Sex differences in lifespan exist world-wide, with women outliving men by more than a decade in some countries. The gender gap is not a uniquely human phenomenon; most sexually reproducing species examined show sex differences in patterns of ageing, yet a comprehensive explanation does not exist. Here, we discuss how ageing responds to natural selection on traits that arise as a consequence of sexuality. Sexual dimorphisms in vertebrates are mediated by sex-steroids, such as androgens and oestrogens, and we examine their regulation of biological processes that can affect ageing and lifespan. The sexes can respond differently to dietary restriction and altered activity of nutrient-sensing pathways, with females showing a greater plasticity for life extension. We suggest that the cross-regulation of steroid hormone and nutrient-sensing signalling pathways is a promising process for further study in understanding the biological basis for the gender gap.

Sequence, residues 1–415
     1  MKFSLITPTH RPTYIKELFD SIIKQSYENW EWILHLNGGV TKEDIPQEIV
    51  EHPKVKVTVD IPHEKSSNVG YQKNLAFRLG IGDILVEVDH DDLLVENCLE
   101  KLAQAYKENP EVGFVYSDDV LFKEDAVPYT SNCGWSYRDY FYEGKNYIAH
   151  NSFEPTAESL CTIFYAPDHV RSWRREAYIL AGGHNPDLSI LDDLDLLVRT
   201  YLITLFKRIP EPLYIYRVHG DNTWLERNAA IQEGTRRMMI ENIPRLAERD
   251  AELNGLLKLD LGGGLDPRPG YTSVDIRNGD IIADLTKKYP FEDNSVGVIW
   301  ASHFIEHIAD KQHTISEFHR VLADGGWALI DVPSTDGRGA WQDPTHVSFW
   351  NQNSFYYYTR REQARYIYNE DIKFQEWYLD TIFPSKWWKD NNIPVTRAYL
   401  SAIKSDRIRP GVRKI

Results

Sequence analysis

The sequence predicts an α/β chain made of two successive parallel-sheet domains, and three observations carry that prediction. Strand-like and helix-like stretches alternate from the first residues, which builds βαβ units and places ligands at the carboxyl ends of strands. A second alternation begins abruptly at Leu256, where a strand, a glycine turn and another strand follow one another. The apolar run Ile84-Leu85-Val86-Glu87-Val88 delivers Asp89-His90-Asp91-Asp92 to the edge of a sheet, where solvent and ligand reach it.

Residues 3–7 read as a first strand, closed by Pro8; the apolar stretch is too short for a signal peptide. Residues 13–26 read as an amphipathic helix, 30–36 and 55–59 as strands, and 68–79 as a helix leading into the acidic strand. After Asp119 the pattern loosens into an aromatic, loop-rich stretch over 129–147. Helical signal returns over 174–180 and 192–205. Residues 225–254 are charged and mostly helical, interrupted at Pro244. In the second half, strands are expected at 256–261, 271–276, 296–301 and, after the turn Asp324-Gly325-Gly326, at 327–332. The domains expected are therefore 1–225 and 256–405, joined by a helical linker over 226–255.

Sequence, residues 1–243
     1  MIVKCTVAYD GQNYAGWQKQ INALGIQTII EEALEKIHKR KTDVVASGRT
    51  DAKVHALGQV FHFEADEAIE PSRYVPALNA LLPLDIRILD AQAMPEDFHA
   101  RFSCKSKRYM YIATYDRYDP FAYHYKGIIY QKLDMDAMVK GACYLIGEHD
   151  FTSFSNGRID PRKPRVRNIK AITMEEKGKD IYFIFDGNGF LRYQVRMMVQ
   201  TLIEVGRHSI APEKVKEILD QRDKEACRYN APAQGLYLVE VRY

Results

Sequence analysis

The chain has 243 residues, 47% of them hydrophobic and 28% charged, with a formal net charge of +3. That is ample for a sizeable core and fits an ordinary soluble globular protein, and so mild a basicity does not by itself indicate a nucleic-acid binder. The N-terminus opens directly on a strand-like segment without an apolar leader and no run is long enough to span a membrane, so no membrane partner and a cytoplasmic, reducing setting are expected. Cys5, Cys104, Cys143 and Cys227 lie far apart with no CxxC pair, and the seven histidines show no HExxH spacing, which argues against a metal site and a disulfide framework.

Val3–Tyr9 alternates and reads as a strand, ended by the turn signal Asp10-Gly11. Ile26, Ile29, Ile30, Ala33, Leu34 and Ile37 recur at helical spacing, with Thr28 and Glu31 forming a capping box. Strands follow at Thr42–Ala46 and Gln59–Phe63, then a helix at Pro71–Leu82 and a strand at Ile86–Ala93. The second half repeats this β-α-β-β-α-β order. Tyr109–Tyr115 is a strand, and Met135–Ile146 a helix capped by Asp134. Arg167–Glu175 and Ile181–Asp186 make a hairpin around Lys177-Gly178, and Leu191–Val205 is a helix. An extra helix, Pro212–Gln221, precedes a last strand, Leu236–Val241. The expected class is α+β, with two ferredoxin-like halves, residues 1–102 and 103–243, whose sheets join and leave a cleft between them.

|Journal||Best Practice and Research: Clinical Endocrinology and Metabolism|
|Publication status||Published - 2013|